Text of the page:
The book of Genesis answers the question, “Where did all this come from?” Genesis is the first book of the Bible, and the first book of the Pentateuch. (The five books of the Moses). Genesis is the story of how Israel began as a nation, the author also tells us about creation.
Genesis opens with God creating the heavens and the earth, the stars, the plants, the animals, and Adam and Eve. God places Adam and Eve in the Garden of Eden, but they rebel against God, introducing a curse of sin and death to the world.. Adam and Eve have children and those children have children. Eventually the human race becomes so violent that God sends a great flood to destroy the world, but He spares the only righteous man, Noah. Noah builds his famous ark to escape the floodwaters with his family (and many animals). After the waters recede, God promises to never again destroy the earth with a flood. Hundreds of years later, God calls Noah’s descendant, Abram, to leave his family and journey to the land of Canaan. God promises to bless Abram with many descendants, and to bless all the nations of the world through him. Abram believes God’s promise, even though he is old and childless. God considers him to be righteous, and changes his name from Abram to Abraham. Later, Abraham has a son, Isaac. Isaac lived in the land of Canaan and has twin sons: Jacob and Esau. Jacob grows up, tricks Esau into giving away his blessing, and then leaves town to live with his uncle Laban. He then gets married, has children, and lives with Laban for 20 years before God calls him back to Canaan. As Jacob returns to the land of Abraham and Isaac, his name is changed to Israel. Israel has 12 sons, and young Joseph is his favorite. Joseph’s brothers sell him into slavery, and he becomes a prisoner in Egypt. Joseph has the gift to interpret dreams and it became very valuable to the Pharaoh, so Joseph is released from prison and made second in command of all Egypt. Joseph warns Pharaoh that a terrible famine is coming, and stockpiles food for the coming years. Joseph’s predictions are correct and the famine reaches Canaan, and his brothers come to Egypt to buy food. The brothers make up with each other and Joseph provides for all the children of Israel to move to Egypt.. The book of Genesis ends with the death of Joseph, whose last prediction is that God will bring the children of Israel back to the promised land.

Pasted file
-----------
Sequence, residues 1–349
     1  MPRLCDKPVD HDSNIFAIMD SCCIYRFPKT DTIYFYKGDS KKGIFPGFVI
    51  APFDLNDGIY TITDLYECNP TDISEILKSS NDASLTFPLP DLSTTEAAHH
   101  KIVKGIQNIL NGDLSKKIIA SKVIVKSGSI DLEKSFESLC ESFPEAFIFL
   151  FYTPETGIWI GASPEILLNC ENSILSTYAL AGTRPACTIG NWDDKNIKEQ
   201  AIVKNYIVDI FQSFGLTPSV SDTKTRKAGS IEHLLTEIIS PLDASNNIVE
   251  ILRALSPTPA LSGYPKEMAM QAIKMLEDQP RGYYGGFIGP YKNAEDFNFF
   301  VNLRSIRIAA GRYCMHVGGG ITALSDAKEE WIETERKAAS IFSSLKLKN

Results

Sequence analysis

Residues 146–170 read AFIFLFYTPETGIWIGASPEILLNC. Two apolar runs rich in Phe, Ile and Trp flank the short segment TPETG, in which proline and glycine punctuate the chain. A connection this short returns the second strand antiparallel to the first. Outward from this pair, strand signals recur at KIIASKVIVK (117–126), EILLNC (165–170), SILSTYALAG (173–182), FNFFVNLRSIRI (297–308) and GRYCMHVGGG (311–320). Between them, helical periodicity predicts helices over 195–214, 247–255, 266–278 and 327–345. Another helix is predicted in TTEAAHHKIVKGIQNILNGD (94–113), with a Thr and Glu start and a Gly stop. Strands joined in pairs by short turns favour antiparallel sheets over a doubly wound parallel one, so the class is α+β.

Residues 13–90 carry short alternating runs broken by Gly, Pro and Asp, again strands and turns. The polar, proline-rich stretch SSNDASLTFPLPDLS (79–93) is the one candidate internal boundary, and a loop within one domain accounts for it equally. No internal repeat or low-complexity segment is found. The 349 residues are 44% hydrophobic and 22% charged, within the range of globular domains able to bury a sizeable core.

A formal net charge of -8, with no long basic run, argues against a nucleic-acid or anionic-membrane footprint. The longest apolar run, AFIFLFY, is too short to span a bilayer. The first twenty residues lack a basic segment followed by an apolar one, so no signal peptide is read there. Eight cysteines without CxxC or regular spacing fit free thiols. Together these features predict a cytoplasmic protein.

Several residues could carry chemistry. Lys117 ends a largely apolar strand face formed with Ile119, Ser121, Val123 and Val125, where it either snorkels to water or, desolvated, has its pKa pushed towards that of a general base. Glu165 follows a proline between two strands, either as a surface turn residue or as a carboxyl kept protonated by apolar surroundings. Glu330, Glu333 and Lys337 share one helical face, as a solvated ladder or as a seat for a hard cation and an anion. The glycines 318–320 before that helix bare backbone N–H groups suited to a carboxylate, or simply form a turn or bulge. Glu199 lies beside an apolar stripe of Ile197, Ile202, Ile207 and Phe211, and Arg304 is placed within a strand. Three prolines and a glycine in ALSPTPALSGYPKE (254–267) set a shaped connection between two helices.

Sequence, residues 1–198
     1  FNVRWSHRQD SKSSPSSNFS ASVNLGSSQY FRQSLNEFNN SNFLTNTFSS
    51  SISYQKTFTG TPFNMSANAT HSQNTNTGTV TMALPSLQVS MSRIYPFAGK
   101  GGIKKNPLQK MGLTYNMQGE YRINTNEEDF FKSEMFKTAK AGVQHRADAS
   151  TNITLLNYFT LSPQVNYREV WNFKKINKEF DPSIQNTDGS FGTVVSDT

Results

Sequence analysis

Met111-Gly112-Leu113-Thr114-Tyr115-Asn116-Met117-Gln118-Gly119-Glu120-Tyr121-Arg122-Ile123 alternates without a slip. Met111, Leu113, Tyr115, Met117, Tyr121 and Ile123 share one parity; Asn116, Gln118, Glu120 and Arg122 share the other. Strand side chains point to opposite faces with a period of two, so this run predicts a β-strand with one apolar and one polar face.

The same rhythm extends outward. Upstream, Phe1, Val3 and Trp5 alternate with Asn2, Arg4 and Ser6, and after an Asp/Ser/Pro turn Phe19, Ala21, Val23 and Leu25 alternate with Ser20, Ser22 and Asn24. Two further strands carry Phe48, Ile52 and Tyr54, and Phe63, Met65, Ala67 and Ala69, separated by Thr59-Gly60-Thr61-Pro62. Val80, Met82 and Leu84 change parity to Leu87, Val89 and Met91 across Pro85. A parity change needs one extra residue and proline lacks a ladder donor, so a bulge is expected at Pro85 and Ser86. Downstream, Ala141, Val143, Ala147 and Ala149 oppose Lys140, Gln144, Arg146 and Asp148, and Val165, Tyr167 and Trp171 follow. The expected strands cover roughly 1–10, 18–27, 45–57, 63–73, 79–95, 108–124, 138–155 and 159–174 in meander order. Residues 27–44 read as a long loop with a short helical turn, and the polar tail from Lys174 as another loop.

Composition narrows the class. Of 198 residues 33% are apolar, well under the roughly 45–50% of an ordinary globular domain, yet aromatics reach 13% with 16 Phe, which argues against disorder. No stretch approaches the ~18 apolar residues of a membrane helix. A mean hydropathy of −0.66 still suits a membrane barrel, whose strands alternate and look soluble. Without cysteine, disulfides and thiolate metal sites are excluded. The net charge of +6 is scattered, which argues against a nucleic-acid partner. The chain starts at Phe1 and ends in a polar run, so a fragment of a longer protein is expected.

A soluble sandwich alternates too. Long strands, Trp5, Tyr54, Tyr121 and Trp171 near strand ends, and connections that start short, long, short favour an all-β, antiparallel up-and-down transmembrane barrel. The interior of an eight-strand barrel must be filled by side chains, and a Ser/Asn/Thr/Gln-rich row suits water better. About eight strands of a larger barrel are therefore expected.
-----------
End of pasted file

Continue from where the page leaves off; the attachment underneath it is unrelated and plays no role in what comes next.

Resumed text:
Did you know?
Genesis means “Beginning”
God is the only name in Genesis 1 (Mentioned 30 times)
The Bible does not provide a clear date for creation, the flood, and other events in Genesis.
Moses wrote Genesis, Exodus, Leviticus, Numbers, and Deuteronomy.
Creation - Fall - Redemption
Adam and Eve (Genesis 2-3)
Creation: God Creates everything.
Fall: Adam and Eve disobeys God by eating the Forbidden Fruit.
Redemption: God still works through them to populate and care for the earth.
Abraham (Genesis 12-25)
Creation: God promises Abraham countless descendants and land
Fall: Abraham tries to have a child by another woman since his wife is barren.
Redemption: God still keeps His promise by providing a son.
Joseph (Genesis 37-50)
Creation: Joseph has a dream about leading his family.
Fall: His brothers fake his death, sell him in slavery, and Joseph is unjustly imprisoned in Egypt.
Redemption: Joseph rises to a position of leadership in Egypt and provides home and food for his family.
“I will establish My covenant between Me and you and your descendants after you throughout their generations for an everlasting covenant, to be God to you and to your descendants after you.” (Genesis 17:7)
You intended to harm me, but God intended it for good to accomplish what is now being done, the saving of many lives. (Genesis 50:20)
Quick outline of Genesis
The beginnings of all mankind (Genesis 1:1–11:32)
The beginnings of the world (Genesis 1–2)
The beginnings of sin, death, and judgment (Genesis 3–9:17)
They say the best way to move on is to never look back
but growing up, my
greatest fear was to forget
so I carved names in trees,
pressed flowers in my
collected scraps and pieces
(a seashell from the first time I
tasted the ocean)
(concert tickets to my favorite band)
(desiccated petals of bougainvillea
given by an ex-lover)
(a handkerchief from sixth grade,
signed by my ex-friends)
(souvenirs from different places)
(et cetera, et cetera)
and put them in a box
and I learned how to write
poetry and take photographs
with the hopes of immortalizing
my precious memories.
Now my box is heavy,
my wall filled with photographs
of people who are now strangers
and my poetry is all about a girl
who ran away from me.
Maybe this is my curse:
I prayed too hard that I shall never
forget and now that I need to,
all I have become
is a pillar of salt.
Folio 3 Genesis 19, 24-26: “Then the Lord rained upon Sodom…
”…and upon Gomorrah brimstone and fire from the Lord out of heaven; And he overthrew those cities, and all the plain, and all the inhabitants of the cities, and that which grew upon the ground. But his wife looked back from behind him, and she became a pillar of salt.“
From ’The Augsburg Wunderzeichenbuch’; A mid-sixteenth century book of miracles. artist unknown, ca. 1550.